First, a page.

Community Cats & the Law FAQ
How are community cats and caretakers protected under the law in New York City? This FAQ prepared by the ASPCA and the NYC Feral Cat Initiative answers TNR caretakers’ most common questions.
Are feral cats considered wildlife in New York State?
No, feral cats are not considered wildlife in New York. All cats, whether domesticated or feral, are considered companion animals under Section 350 of New York’s Agriculture and Markets Law and are protected by the animal cruelty provisions set out in Sections 353 and 353-a.
I think someone poisoned a feral cat. What should I do?
Call 311 (or 911 if it is an emergency). It is a crime under section 360 of New York’s Agriculture and Markets Law to poison or attempt to poison a cat, whether domesticated or feral. Depending on the circumstances, poisoning a cat could also potentially constitute cruelty or aggravated cruelty. It is also a crime under section 362 to willfully throw, drop, or place substances that are injurious to cats (or any other animals) in public places such as roads, highways, or streets. These substances include glass, nails, pieces of metal, or other substances that might wound, disable, or injure a cat.
Cat Poisoning Poster (PDF)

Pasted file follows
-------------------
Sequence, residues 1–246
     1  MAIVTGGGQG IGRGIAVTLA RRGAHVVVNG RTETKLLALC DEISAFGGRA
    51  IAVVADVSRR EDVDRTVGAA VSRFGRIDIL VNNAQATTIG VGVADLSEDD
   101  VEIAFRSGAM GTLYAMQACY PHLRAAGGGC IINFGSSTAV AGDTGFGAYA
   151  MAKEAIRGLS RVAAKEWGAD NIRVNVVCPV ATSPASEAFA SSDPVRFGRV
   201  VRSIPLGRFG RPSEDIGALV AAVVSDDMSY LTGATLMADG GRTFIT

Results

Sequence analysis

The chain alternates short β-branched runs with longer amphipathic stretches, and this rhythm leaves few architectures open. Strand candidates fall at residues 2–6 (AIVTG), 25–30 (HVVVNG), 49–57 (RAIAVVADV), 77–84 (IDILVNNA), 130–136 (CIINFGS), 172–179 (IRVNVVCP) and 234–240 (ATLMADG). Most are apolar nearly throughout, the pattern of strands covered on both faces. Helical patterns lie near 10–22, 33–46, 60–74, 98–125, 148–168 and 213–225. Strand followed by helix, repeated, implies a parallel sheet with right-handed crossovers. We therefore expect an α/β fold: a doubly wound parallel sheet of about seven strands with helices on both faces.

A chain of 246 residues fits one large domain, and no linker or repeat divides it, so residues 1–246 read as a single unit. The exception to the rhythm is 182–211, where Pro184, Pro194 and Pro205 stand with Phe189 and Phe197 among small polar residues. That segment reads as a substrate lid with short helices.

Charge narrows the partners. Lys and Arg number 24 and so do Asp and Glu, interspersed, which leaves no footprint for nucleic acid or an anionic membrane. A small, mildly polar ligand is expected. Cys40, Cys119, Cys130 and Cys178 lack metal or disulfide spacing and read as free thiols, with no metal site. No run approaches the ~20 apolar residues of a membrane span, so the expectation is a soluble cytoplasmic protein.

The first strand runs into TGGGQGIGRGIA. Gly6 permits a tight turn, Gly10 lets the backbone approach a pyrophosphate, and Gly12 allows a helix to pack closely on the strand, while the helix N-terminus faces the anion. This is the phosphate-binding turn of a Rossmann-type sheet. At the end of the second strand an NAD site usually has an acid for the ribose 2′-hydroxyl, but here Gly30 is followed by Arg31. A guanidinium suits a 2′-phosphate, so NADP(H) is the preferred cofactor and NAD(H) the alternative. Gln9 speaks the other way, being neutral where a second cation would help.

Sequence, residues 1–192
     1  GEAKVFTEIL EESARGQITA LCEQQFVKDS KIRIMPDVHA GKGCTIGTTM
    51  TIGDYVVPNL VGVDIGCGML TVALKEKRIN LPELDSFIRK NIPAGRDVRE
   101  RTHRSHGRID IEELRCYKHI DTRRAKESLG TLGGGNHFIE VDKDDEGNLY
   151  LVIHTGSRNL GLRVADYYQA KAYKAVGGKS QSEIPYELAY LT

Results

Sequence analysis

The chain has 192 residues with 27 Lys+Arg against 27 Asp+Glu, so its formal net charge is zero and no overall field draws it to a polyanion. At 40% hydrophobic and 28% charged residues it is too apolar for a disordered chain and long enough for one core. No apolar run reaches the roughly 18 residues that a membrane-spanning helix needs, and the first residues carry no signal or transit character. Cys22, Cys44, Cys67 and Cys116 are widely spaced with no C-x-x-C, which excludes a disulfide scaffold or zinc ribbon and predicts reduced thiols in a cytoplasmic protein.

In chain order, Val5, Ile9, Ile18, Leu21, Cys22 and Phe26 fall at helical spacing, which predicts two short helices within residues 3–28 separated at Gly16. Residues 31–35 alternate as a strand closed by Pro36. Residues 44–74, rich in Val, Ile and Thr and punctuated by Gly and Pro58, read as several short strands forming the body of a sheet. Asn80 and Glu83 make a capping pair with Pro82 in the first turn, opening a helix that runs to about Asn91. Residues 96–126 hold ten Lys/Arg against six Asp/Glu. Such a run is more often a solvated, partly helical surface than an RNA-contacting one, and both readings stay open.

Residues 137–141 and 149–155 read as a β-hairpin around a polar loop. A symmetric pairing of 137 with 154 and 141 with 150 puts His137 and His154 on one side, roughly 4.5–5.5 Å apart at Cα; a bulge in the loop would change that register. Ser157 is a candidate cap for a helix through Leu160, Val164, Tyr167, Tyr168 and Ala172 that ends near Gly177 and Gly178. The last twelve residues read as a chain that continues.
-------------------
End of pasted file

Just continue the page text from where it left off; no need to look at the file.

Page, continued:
Can exterminators, nuisance wildlife control operators, or other pest control trap and kill feral cats in New York City?
The short answer is no. Under New York law certified pesticide applicators must use pesticides in a way that protects both pets and wildlife from harm. In addition, as mentioned, under New York law, feral cats are considered companion animals and therefore cannot be treated as wildlife or wild animals, nuisance or otherwise.
New York law does, however, permit the taking and humane destruction of cats under specific, narrow circumstances. For example, licensed hunters, environmental conservation officers, and police officers have the authority to humanely destroy cats found at large hunting or killing any protected wild bird or with a dead bird of any protected species in its possession. Where a rabies alert is in effect, animal control officers, police officers, or health officers can seize any cat found at large.
Also, nothing in the law prohibits someone from trapping (or hiring someone else to trap) cats that appear to be unowned and that are at large in a public place, and bring those cats to Animal Care Centers of NYC (ACC).
Of course, going onto private property to trap cats or other animals can constitute trespass and taking animals known to belong to someone else could be larceny. So, each of these situations really needs to be assessed based on its own particular circumstances.
My neighbor is removing my TNR traps from my property. What can I do?
Call 311 if someone is stealing your traps from your property. A person may be convicted of petit larceny if he/she steals property valued at less than $1000. They may also be guilty of civil or criminal trespass.